Anti-piracy technology outfit MediaDefender is accused of launching a denial of service attack against the perfectly legitimate Internet TV company Revision3 simply because the service uses BitTorrent technology to distribute its content.

In an online blog post, Revision3 CEO Jim Louderback (a former editor of PC Magazine) says music pirates in the past used a security flaw in the company's servers to distribute copyrighted material. MediaDefender addressed the situation by flooding one of the Revision3 servers with spoof video and music files, causing it to shut down, and blocking access to any content -- legitimate or otherwise.

Had MediaDefender simply told them about the flaw, Louderback says he would have fixed it internally and solved the problem.

"It's as if McGruff the Crime Dog snuck into our basement, enlisted an army of cellar rats to eat up all of our cheese, and then burned the house down when we finally locked him out - instead of just knocking on the front door to tell us the window was open," he writes. Denial of service attacks are illegal, and Louderback says he's informed law enforcement officials of the matter in addition to potential additional legal action. He says the attack caused the company to lose some 250,000 page views over the Memorial Day weekend, along with the ad revenue those views would have incurred.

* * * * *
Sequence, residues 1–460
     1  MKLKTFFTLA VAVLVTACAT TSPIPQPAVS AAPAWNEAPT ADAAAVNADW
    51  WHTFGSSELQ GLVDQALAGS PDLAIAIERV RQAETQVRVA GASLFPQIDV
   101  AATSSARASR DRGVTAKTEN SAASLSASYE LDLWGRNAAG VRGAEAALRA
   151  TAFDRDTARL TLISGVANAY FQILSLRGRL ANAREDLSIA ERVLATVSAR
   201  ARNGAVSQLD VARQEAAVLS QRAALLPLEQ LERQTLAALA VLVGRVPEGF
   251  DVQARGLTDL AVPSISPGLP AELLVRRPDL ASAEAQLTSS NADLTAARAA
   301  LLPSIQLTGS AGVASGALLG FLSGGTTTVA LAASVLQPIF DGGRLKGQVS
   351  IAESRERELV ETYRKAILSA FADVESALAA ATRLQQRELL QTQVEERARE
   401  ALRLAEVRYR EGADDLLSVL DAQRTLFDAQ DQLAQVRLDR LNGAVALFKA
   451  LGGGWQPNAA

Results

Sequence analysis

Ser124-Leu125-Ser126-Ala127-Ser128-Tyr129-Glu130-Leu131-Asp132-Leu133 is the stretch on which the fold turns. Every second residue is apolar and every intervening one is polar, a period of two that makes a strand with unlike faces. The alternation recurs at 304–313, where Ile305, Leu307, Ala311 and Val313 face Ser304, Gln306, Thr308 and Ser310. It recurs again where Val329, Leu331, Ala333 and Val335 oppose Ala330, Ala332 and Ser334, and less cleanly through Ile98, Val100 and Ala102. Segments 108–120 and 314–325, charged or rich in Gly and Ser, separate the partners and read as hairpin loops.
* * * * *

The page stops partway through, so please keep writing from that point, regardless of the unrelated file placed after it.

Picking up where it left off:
MediaDefender claims many content owners as clients, including several major record labels. It attempts to weaken P2P file-sharing networks by flooding them with spoof files that make it difficult for the average user to find what they are looking for.

Several months worth of the company's e-mails were posted online by a group of hackers last year, some of which included sensitive internal data about clients, payments and strategy. Besides the public embarrassment, the stunt cost the company an estimated $800,000.